A little over a week ago, I was standing in the back of the Boar’s Head Dinner taking in the scene, interested to see to whom MERT was about to pass the Boar’s Head.

To my complete surprise, they named the Campus Times, and somewhere during the handshaking, someone told me to go to the podium and say something. But, this proved difficult for me for two reasons: first, I was completely unprepared; second, as it turns out, Daniel Nassau had turned off the microphone. There was a lot I wanted to say right then about the students who work for the CT and I’m not sure, whether for technical reasons or not, I was able to communicate it all.

The students who work for the CT are far and away some of the hardest working and most committed students I have met in my time at UR.

There is no big performance, there is no reception and there is no audience cheering them on. The CT doesn’t have one big culminating point the staff works toward every semester, or every year, but rather, these students work day in and day out to provide the entire UR community with a publication of merit.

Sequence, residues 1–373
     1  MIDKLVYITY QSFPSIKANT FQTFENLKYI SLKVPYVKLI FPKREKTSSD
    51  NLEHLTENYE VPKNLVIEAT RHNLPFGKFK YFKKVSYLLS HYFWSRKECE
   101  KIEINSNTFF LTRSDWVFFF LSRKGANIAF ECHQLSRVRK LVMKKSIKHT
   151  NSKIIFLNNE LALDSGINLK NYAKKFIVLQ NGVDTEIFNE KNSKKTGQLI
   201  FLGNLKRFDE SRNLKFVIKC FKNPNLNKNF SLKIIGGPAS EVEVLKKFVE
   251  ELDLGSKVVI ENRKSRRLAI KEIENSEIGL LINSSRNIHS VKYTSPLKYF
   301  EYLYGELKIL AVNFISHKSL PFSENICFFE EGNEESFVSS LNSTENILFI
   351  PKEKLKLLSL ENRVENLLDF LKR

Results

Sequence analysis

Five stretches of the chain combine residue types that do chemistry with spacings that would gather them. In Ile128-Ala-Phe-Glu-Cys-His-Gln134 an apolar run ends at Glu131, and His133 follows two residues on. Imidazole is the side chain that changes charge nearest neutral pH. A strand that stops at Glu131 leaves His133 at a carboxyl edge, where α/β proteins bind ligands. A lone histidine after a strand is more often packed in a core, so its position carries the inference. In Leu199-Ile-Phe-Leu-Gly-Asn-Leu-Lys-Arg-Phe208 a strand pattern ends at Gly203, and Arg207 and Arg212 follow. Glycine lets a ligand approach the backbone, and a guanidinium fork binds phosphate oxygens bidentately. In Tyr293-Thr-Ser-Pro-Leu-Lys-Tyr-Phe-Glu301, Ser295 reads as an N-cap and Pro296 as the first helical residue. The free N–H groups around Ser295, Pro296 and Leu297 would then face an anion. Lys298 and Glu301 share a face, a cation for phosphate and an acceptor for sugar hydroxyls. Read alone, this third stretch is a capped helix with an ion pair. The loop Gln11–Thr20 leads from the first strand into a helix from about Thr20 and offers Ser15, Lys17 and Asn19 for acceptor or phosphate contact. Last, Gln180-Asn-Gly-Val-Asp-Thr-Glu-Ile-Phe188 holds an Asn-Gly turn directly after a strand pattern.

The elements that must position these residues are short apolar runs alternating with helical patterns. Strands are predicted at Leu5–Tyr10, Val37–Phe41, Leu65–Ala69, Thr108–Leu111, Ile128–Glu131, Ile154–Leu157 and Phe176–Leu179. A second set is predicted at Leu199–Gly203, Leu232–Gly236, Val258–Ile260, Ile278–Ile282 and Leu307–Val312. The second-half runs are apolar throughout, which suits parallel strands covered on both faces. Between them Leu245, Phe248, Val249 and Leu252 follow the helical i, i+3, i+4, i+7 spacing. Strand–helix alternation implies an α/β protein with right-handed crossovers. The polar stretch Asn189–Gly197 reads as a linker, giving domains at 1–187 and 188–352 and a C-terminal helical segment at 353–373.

At the CT, we work to serve several goals. We strive to advocate for the greater student body and for things we feel contribute to the greater health of the University and the community in which it exists. Sometimes that means working for student awareness or safety; other times that means supporting groups of University staff and faculty members in the things they need to improve their jobs and even lives. What that always means is reporting the news and trends of the University in an accurate and balanced way in order to inform the entire UR community of what is happening around them. We try to place UR in its broadest context – viewing it not only in the way it affects students and those who work here, but also in the way it affects the city of Rochester.

At the end of a production week, though, what the CT is in its most basic form is the cumulative work of hundreds upon hundreds of student hours. These aren’t students who want to pad their rsums, and these aren’t students who solely wish to inundate the University community with their opinions. Instead, these are students who truly love UR, want to be informed and involved with what happens here and want to work for the betterment of their community.

So, in that view, it’s more than OK with us that there is no fanfare surrounding the week-to-week work of the CT. Instead, we watch our stacks of papers around campus shrink, we observe students, faculty and staff alike sitting and reading our work and we overhear conversations about articles that were published on our pages. We may not always be perfect, but this is how we strive to serve a community we love so much that we are willing to commit a large portion of our lives to it. And ultimately, it has been my greatest honor to work with these students.

Jarrett is a member of the class of 2009.

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